Monday, September 29, 2014


Oops, didn't get my book finished for book club! Well dang it, when a month has 5 Mondays it's hard to keep appointments straight! Never-the-less I did finally get it finished, then it took me a few days to decide if I liked it. It wasn't one of the best I have read, but it was interesting. At some place in the middle it got put aside for a day or two so I could ponder.

When I tell friends I just read a “born again” novel their eyebrows raise because they all know that being a hard-core mainstream protestant I don't go in for any of that charismatic fallderoll. (I don't mind those who do, to each his own, and every person needs to find his or her own path.) But, this isn't that kind of “born again.” Ursula, the protagonist is literally reborn many times, thence living many parts of her life over.

The first chapter is but a page and a half. Ursula is 30 (in 1930) and assassinates Hitler only to be instantly killed herself. The next chapter is her stillbirth during a snowstorm in 1910 taking less than a page and a half. Next chapter – birth again, but this time the doctor arrives in time to resuscitate her. The chapters then begin to get longer and the method of death comes later, and often quite shockingly. It was necessary to put a sticky note on the contents page so in order to go back and check each time a new chapter started to get my bearings. I have never done that before! Markers on footnote pages and on map pages yes, but never on the contents page. Many chapters/lives take place leading up to and during World War Two. Even though every time she starts a segment of her life over she doesn't remember the other life, each reliving leaves some residual impressions and dark fears. She even tells a psychotherapist that she feels that her life seems like a palimpsest which it actually is!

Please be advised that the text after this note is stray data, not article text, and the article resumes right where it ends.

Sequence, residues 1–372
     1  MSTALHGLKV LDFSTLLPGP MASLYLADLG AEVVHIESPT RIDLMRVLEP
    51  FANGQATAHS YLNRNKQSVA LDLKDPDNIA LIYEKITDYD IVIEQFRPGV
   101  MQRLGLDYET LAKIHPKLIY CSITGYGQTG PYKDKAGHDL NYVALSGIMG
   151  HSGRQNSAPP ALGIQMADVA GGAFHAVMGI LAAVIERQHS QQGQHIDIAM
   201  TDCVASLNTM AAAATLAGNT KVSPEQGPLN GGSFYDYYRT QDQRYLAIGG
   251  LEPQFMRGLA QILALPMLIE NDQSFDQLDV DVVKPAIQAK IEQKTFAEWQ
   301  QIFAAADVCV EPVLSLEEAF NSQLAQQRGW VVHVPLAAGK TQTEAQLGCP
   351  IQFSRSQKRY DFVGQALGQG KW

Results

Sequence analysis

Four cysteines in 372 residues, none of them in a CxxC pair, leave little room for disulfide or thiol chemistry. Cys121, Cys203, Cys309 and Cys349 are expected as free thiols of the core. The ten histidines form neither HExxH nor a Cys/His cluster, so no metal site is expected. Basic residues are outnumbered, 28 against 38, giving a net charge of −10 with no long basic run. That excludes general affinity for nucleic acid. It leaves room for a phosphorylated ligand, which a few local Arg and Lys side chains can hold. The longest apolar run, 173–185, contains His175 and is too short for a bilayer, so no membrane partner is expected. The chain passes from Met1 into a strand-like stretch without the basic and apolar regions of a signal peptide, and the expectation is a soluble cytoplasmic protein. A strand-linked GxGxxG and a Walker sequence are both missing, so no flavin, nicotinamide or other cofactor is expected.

Some of my friends who read it didn't like the jumping from time periods and the lost feeling of not knowing where you were each new chapter. That was disconcerting at times, but I liked it constructed that way. If you want to read this book and don't like that style I guess you could read all the chapters by date, as I have heard some have done with Frazier's book Cold Mountain. Probably the author wants us to feel as disjointed as Ursula does sometimes. The characterization is really good, her family is quirky, but also full of poignant and often sad people. My only big beef is that in several re-livings there is a murderer of young girls. Sometimes the murders are evaded and sometimes don't. He is seen by the reader but never unmasked in the book, and he appears to never see justice. I hate it when that happens, even though I know in real life many, if not most, murders go unsolved.

Since this review ended sooner than I thought please allow me to digress about my discount used book from I read most of my books from the library, but if it is for a reading group I often like to buy old and used copies so I can write in the margins or pass them along to friends and family. Now, I love but once in a while the description does not accurately describe my purchase as it did not this time. A few times I have complained to them but I gave that up as too much of a nuisance. I wanted a beautiful hard copy to put in my personal library, but the one I received is a discarded copy from a library which apparently does not use bookends. (Some of you will know what I mean.) My copy has lain too long at an angle on the shelf, the spine is broken in three places, and the beautiful decorative front end page has been torn out. I truly hate it when the sales description says, “good” when the piece is actually simply “acceptable.” One for my garage sale next summer. 

Sunday, September 7, 2014